Excerpts from abstract:
Our first national education goal is for all young children to start school ready to achieve and succeed as learners. Successful learners have intellectual, social and emotional competence. To reach that goal, all young children need to start life healthy, nurtured by loving families living in safe and caring communities. And all young children deserve access to a good preschool education.
The accumulated evidence from evaluations of high quality early education programs tells us children advance in intellectual, social and emotional competence in the short term, do better academically (in both reading and math) and socially in school, and generally live more productive lives as adults than children who have no preschool education or who have poor early educational experiences. All young children benefit from good preschool education, with disadvantaged children realizing greater gains. We know that the costs of providing good preschool education are outweighed by the benefits. All kinds of programs for young children have the potential to provide good early education, i.e., to promote social, emotional, intellectual, and physical development and learning. We also know that not all young children have opportunities to experience good early education, since the majority of what is offered does not meet accepted standards of quality.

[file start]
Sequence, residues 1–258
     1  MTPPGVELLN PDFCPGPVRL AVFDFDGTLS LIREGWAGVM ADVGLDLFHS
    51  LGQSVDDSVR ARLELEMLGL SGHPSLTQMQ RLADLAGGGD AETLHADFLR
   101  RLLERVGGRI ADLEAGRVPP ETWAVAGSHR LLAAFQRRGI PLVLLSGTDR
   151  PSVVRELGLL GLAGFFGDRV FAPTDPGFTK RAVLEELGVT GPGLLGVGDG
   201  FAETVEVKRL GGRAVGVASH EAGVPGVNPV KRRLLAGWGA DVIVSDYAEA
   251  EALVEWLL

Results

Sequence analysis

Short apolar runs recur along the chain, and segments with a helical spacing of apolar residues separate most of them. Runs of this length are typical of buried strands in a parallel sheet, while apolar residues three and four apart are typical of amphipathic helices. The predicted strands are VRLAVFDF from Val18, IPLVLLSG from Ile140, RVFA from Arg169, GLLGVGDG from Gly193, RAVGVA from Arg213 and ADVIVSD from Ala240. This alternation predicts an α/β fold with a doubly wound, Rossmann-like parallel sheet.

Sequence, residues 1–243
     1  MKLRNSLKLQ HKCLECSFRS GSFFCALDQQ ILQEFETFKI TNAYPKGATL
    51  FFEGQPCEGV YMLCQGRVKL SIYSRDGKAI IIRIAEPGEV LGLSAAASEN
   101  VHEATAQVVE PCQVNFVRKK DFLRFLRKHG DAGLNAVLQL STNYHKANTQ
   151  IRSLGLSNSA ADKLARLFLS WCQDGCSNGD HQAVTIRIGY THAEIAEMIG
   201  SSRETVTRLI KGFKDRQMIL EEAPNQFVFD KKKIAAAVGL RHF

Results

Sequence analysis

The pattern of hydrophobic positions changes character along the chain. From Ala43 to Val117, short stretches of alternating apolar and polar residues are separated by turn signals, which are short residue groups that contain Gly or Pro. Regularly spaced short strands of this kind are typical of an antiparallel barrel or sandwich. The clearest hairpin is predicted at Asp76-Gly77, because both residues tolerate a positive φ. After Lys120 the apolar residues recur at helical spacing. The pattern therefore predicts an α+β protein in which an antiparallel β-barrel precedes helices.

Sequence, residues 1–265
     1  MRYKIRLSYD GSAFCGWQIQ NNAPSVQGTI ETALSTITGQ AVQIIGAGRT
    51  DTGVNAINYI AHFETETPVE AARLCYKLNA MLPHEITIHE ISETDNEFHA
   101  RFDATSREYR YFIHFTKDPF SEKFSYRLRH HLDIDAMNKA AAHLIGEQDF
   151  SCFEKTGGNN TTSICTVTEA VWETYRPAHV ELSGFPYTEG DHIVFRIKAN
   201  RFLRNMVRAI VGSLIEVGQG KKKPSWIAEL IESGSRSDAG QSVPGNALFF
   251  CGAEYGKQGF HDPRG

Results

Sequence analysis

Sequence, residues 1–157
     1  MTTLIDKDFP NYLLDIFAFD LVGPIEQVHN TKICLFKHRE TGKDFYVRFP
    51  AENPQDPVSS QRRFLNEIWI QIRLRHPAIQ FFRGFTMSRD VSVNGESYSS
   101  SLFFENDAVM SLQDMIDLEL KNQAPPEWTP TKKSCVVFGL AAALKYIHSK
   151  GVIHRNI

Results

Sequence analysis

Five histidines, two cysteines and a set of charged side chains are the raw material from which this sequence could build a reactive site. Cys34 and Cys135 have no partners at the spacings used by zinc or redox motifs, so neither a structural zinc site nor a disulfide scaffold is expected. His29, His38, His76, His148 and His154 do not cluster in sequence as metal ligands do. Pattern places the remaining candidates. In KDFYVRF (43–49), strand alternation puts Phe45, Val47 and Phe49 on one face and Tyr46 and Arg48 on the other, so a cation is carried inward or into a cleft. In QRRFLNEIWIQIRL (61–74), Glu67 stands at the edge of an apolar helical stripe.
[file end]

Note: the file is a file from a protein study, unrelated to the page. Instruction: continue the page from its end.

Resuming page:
The merits of investing in early education are well established, the national goal for school readiness has been set, and the gap between current reality and the goal is known. What we lack is a plan for putting into practice what we know so that we can close the gap and reach our goal. This paper presents options for federal and state policymaking to create incentives for states and communities to make preschool education available to all young children.